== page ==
The alert went out at around 12:30 p.m. after a female on campus reported seeing a long gun resembling a rifle or shotgun in an open car trunk. She was heading to her car, parked in a lot at 1145 W. Vermont St., when she saw a man standing next to an open trunk containing what looked like a musical instrument case. She tried to get a closer look to identify the instrument but told police she realized it was a gun.
The IU Notify alert system sent out messages via text, email and Twitter that campus was on alert. The message instructed people on campus to seek shelter, but campus was never on an official lock down. Those inside campus buildings were allowed to exit but were told to do so at their own risk.
IUPUI students, employees and IU Health employees were seen walking around campus throughout the afternoon while the alert was in effect. Police were on campus clearing buildings of threats, but did not intend for people to leave those buildings until a campus-wide all clear was issued around 5 p.m.
“To my knowledge, we were going through buildings and looking for anything suspicious,” IUPUI Police Captain Bill Abston said. “I think there was some miscommunication. Our intent was not to have people leave buildings. That would’ve been contrary to our alert.”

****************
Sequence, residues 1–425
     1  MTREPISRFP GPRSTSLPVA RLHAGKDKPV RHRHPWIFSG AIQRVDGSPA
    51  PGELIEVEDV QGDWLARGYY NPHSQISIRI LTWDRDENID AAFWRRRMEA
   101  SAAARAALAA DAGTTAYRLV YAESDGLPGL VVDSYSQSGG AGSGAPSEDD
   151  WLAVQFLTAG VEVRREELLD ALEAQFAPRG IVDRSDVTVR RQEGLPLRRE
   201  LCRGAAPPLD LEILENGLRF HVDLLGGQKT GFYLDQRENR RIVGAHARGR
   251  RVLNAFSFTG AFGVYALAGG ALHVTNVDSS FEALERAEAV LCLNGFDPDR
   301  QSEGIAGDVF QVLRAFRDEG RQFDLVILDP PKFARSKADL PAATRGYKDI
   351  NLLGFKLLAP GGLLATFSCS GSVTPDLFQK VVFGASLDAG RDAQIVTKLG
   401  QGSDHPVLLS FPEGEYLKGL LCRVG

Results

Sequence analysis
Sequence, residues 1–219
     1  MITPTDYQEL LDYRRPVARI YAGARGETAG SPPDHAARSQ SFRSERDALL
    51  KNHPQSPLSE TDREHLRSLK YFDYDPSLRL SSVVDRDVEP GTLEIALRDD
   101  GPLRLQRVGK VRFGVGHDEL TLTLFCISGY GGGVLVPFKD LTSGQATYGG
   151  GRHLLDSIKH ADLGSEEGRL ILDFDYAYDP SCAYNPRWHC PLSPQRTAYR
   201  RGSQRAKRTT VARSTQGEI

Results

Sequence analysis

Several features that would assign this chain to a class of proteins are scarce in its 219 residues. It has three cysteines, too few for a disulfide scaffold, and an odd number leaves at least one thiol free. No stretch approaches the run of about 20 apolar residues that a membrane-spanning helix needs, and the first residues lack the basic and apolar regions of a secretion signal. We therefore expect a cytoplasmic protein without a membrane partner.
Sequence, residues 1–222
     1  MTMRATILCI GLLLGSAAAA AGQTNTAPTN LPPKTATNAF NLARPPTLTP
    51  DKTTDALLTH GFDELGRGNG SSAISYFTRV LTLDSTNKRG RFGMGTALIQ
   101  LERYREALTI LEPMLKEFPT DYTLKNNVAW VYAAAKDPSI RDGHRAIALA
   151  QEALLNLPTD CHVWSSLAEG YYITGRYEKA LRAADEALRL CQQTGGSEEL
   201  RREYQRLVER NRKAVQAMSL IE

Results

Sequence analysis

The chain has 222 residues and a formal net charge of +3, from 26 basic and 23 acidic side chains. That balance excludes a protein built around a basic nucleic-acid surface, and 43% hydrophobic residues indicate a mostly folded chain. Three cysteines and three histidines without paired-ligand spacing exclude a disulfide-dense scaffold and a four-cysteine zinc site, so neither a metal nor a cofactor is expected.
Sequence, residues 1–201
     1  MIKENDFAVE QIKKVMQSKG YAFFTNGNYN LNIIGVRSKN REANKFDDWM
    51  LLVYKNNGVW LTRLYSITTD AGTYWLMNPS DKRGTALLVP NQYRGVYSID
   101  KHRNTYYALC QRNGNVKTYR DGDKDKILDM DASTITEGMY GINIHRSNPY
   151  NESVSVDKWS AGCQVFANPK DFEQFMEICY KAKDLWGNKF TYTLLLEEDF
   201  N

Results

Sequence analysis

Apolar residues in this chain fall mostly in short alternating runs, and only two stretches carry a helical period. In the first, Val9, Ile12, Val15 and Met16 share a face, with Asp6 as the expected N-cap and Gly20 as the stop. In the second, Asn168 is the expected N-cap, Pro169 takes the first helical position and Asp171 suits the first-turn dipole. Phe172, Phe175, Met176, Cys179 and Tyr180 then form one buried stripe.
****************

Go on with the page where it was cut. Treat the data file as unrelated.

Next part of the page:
During the alert, police received two additional reports of suspicious activity on campus. They responded to a call at the Nursing Building, but Abston said he wasn’t aware of the nature of the call. There was no threat found.
Police later received a report of a man carrying a rifle at the intersection of Blackford Street and Indiana Avenue. Police did not locate any threat in that area.
Guards in orange reflective vests with hand-held radios stood watch at the entrance of several buildings on campus, including the Campus Center and the IU Natatorium. They let people exit the buildings but would not let anyone, including employees returning from breaks, inside.
A guard at the Campus Center would not let anyone into the building but would let people out. A guard at the IU Simon Cancer Center would only let those with IU Health identification badges into the building.
Despite the confusion, Abston said he was happy with the response.
“We sent out the alert, realized people were leaving buildings, and we re-sent the alert,” he said. “Our intent was not to have people leave buildings.”
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